OCR Interpretation


The Oglala light. [volume] ([Pine Ridge, S.D.]) 190?-19??, February 01, 1910, Image 15

Image and text provided by South Dakota State Historical Society – State Archives

Persistent link: https://chroniclingamerica.loc.gov/lccn/2017270500/1910-02-01/ed-1/seq-15/

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THE OGLALA LIGHT,:
valuable as it takes little space and is easily added to from years to
years: Magazine cover illustrations are invaluable as decoratons
and illustrations in general lessons- Even some advertisements are
very artistic and can be used to advantage in language work. Have
a few good prints mounted and framed by passe partent, Hang these
permanently on t.ie walls and teach the children to live and admire
the best representation of each class of the pictures. Biblical his
torical, animal and ''still life pictures can be made to appeal strongly
to a child and to teach him love for artistic and beautiful things.
So closely united are pictures and stories that one without the
other is incomplete. A child sees a picture and his mind demands
a story to explain it. He hears a story and his mind creates a more
or less correct picture If we give him good pictures then we must
give him the gems in child literature. Fairy tales seem to satisfy
craving for something mysterious and wonderful. With the fairy
tales combine those of adventure, history, nature, and biblical char
acters. Tell a story with vim and originality, bringing out the point
strongly, but let the point sink in at its leisure. Don't spoil the story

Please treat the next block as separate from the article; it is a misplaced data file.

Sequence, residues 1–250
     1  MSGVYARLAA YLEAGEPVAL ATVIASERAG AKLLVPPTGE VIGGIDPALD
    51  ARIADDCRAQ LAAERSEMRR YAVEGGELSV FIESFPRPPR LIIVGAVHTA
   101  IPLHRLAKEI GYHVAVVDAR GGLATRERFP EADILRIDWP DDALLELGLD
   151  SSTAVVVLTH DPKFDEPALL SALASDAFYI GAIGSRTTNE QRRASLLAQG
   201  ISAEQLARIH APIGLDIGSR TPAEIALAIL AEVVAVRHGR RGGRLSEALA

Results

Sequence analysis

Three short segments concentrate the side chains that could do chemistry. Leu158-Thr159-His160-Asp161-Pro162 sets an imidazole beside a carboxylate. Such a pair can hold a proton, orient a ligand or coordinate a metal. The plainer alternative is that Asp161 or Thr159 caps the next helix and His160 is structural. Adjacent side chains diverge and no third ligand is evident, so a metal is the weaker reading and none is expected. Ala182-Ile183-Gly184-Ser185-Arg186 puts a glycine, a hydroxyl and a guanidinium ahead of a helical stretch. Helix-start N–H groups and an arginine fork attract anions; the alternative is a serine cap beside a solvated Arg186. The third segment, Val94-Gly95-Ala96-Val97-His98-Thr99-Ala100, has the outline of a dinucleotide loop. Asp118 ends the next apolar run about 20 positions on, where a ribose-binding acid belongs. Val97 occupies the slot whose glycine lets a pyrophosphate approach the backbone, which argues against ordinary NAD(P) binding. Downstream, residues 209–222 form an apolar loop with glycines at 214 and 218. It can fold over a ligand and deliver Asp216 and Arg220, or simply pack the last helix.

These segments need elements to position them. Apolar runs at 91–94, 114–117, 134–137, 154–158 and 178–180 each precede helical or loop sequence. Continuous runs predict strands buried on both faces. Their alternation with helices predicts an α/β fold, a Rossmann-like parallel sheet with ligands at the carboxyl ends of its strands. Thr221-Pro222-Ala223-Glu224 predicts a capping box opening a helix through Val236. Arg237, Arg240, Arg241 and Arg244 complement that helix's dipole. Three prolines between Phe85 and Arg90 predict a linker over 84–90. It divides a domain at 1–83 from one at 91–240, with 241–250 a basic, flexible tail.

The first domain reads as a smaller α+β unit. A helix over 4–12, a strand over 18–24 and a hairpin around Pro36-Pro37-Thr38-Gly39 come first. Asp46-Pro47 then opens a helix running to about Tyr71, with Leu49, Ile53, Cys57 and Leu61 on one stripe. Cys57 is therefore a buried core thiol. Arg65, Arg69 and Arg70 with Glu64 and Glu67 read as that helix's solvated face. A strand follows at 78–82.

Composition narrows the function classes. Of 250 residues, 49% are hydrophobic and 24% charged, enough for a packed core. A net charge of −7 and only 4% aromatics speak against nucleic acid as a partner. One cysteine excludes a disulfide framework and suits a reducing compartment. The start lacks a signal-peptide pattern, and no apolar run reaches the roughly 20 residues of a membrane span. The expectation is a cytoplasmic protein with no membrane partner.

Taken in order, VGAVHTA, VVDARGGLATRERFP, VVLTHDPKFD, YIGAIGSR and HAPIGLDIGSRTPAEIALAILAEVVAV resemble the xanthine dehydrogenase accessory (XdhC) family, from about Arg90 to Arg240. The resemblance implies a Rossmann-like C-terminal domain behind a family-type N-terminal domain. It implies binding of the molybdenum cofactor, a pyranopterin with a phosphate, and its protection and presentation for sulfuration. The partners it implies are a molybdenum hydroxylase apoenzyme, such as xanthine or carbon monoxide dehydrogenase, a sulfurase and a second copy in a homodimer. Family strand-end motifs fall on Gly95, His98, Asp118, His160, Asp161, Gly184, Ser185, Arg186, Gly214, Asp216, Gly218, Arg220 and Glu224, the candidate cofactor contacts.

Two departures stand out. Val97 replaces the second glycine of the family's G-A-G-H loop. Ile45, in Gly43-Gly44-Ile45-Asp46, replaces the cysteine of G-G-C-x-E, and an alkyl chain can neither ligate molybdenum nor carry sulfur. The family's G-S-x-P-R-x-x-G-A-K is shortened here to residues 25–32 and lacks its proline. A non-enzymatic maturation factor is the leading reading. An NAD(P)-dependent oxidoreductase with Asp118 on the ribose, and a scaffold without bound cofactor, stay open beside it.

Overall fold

by moralizing for children are quick to see a point and resent having
a moral picked out and handed to them.
Teach the child to love a good story and encourage him to read
them himself. Let him tell or re-write what he reads or hears read.
Original stories on favorite topics develope originality and strengthen
composition and expression. The teacher can select such stories as
will form a strong foundation on which the child can build his taste
for literature in later life.
Songs are merely a form of story set to music. If the musical
sense is not developed early in a child's life there is danger of the
sense becomming dulled and at last deadened entirely. Rhythm ii
the basis of all music and is easily taught to small children. Songs
cultivate the imagination, encourage sentiment, inspire reverence and
excite enthusiasm. In fact music developes the esthetic, ethical and
imaginative powers of the child. Singing in the school is a necessity
if we reach the highest aims in education.
Concert motion songs with small children overcome self conscious
ness, and gratify the childish love for dramatizing and display,
Games are of two general classes. (1) Educational games and (2)
Recreation games. Almost any school subject can be partially
s
A.

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